In today's blog, I review some basic proofs from Euclid's Elements relating to Parallelograms. These extend the results on parallel lines and are needed for the proofs on similar triangles which I use in my discussion about sin and cosin.
The diagrams are taken from David Joyce's web site on Euclid's Elements which I highly recommend.
A parallelogram is any four-sided shape where opposite sides are parallel to each other.
Lemma 1: In parallelograms, opposite sides and opposite angles are congruent.
(1) Let ABCD be a parallelogram.
(2) AD is parallel to BC [Definition of Parallelogram]
(3) Alternate angles are congruent [see Lemma 2 here] gives us:
∠ DAC ≅ ∠ BCA
∠ DCA ≅ ∠ BAC
(4) Since line AC is congruent to itself, we can use the ASA lemma (see here) to conclude that triangle DAC ≅ triangle BCA
(5) But then corresponding sides are congruent which gives us (see here for definition of Congruent Triangles):
BC ≅ AD
AB ≅ DC
(6) And opposite angles are congruent since:
∠ ADC ≅ ∠ CBA [see here for definition of Congruent Triangles]
We can assume that ∠ DAB ≅ ∠ DCB since we could apply the same arguments #1 thru #6 to the diagonal DB as well.
Lemma 2: Parallelograms on the same base and in the same parallel are equal to each other.
(1) Let ABCD and EBCF be parallograms that share the same base BC and are colinear on AF.
(2) AD ≅ EF since:
AD ≅ BC [Since they are opposite sides of ABCD from Lemma 1 above]
EF ≅ BC [Since they are opposite sides of EBCF from Lemma 1 above]
(3) AE ≅ DF since:
AE = AD + DE
DF = EF + DE
AD ≅ EF (from the previous step)
(4) Now we can use Postulate 1 to conclude triangle ABE ≅ triangle DCF since:
AB ≅ DC [Since they are opposite sides of ABCD, from Lemma 1 above]
AE ≅ DF [Step #3]
∠ EAB ≅ ∠ FDC [since AB is parallel to DC and since Corresponding angles are congruent for parallel lines -- see here]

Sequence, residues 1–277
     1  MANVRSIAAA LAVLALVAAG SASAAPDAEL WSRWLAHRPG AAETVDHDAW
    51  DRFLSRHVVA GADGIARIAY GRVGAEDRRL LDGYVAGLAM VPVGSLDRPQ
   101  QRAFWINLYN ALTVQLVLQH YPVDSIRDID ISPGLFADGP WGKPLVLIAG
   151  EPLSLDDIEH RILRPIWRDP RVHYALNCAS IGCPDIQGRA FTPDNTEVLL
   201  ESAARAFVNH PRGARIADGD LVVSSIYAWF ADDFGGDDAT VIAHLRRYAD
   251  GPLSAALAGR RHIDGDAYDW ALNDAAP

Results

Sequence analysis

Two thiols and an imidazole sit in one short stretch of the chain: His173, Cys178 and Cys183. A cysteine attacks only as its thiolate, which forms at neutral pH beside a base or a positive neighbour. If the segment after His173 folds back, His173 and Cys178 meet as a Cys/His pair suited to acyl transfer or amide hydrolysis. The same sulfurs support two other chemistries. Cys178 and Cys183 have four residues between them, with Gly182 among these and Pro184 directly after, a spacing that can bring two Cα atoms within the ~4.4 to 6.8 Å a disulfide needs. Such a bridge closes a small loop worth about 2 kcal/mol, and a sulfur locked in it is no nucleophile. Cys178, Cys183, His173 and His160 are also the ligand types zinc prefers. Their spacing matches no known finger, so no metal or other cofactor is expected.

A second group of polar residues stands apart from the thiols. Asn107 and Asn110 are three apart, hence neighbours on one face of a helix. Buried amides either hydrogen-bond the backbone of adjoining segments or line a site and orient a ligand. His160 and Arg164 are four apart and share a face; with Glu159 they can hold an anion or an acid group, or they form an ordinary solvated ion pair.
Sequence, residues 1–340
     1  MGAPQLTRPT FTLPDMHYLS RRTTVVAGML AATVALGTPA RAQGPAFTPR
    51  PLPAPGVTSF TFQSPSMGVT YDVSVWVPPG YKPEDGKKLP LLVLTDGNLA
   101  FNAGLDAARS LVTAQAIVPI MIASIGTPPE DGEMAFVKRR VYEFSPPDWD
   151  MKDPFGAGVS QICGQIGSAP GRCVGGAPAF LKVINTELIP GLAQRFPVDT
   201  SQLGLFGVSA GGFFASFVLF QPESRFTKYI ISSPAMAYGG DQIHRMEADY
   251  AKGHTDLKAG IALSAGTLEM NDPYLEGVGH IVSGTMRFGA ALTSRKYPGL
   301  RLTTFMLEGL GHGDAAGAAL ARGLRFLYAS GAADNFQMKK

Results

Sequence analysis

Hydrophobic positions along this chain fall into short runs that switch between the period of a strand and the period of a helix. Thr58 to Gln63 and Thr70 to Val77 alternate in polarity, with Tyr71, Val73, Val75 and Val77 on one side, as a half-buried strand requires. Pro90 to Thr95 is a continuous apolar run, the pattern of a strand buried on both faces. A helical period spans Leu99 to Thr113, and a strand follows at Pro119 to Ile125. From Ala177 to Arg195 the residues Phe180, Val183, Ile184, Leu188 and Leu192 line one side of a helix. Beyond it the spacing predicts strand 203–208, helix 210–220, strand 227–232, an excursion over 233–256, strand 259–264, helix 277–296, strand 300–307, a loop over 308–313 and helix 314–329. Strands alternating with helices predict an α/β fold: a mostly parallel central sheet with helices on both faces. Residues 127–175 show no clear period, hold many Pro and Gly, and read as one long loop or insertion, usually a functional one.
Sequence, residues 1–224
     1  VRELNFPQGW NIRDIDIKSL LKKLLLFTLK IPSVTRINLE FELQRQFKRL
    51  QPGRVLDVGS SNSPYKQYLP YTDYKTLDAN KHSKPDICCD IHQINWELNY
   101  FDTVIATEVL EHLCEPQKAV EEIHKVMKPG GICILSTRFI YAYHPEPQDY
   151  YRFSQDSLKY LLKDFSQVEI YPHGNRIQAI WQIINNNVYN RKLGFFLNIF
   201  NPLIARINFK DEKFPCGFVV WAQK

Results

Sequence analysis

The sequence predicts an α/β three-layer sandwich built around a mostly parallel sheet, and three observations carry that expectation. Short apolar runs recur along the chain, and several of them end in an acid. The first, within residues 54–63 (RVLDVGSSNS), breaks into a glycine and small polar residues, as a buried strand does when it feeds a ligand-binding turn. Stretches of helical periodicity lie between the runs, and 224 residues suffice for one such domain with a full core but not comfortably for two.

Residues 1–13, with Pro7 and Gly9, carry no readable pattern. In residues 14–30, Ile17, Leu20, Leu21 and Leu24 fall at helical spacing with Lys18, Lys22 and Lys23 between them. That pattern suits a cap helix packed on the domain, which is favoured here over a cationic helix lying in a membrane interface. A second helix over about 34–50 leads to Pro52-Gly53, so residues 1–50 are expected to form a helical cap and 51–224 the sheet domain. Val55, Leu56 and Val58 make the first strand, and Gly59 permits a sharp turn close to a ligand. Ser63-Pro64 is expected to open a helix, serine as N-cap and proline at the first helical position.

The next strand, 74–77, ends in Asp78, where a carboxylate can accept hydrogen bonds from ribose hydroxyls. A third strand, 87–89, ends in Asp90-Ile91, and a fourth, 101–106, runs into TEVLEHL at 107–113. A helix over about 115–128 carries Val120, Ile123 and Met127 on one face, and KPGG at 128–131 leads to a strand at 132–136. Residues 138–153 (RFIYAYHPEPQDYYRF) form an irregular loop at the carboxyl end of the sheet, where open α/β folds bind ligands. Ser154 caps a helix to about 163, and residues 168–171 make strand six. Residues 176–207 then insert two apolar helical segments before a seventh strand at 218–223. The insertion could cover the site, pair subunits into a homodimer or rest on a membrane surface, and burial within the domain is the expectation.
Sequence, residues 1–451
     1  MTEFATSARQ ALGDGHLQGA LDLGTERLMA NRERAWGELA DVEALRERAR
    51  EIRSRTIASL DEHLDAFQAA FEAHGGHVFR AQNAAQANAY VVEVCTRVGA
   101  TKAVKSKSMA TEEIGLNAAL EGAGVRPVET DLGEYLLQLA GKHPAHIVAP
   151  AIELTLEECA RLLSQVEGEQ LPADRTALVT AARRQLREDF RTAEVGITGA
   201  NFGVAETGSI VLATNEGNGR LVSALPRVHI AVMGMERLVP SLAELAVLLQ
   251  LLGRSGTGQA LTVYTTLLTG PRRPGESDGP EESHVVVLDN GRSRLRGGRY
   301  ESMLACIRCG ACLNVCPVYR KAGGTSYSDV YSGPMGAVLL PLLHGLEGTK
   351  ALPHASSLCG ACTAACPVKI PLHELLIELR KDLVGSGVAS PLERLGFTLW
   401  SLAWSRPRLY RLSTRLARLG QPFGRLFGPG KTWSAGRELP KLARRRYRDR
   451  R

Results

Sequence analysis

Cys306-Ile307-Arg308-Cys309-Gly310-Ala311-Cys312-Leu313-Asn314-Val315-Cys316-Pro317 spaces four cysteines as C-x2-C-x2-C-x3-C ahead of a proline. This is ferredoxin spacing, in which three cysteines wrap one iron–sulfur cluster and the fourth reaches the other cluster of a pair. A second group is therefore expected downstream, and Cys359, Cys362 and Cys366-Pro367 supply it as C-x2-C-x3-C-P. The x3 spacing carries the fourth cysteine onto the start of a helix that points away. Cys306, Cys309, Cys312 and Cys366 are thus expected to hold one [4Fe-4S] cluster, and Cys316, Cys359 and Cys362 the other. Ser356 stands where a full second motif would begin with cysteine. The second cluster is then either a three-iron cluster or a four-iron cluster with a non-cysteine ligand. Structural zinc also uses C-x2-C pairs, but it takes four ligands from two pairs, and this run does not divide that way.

(5) We note that the trapezoid ABGD has the same area as EGCF since:
Both are formed from subtracting the area of DGE.
(6) But this implies that that the parallelogram ABCD is congruent to EBCF since they both formed by adding GBC to each trapezoid above.
Lemma 3: Triangles with equal bases in the same parallels are equal to each other.
If ABC, DEF are triangles with BC ≅ EF; if AD is parallel to BF; and if C,E lie on BF; then, ABC ≅ DEF.
(1) Let G be a point colinear with AD such that BG is parallel to AC.
(2) Let H be a point colinear with AD such that FH is parallel to DE.
(3) Then GACB and DHFE are parallelograms [Definition of parallelograms]
(4) Then the area of GACB is equal to the area of DHFE [See Lemma 2 above]
(5) The area of triangle ABC is half the area of GACB; and the area of triangle DEF is half the area of DHFE since:
(a) From Lemma 1 above, we know that each triangle such as DEF is congruent to its other half (in the case of DEF its other half is FHD)
(b) But if both triangles are congruent, then each triangle is (1/2) the total area, that is, the area of each triangle is half the area of each parallelogram.
(6) Since GACB ≅ DHFE (#4), we have (in terms of areas):
ABC = (1/2)GACB
DEF = (1/2)GACB
So we can see that ABC ≅ DEF.
Corollary 3.1: If a parallelogram has the same base with a triangle and is in the same parallels, then the parallelogram is double the triangle.
(1) Let ABCD be a parallelogram
(2) Triangle ABC ≅ triangle EBC from Lemma 3 above.
(3) And triangle ABC ≅ triangle CDA by Side-Angle-Side (see here) since:
(a) AD ≅ BC (By Lemma 1 above)
(b) DC ≅ AB (By Lemma 1 above)
(c) ∠ ADC ≅ ABC (By Lemma 1 above)
(4) Since triangle ABC ≅ triangle ECB ≅ triangle CDA is follows that parallelogram ABCD is double the area of triangle ECB.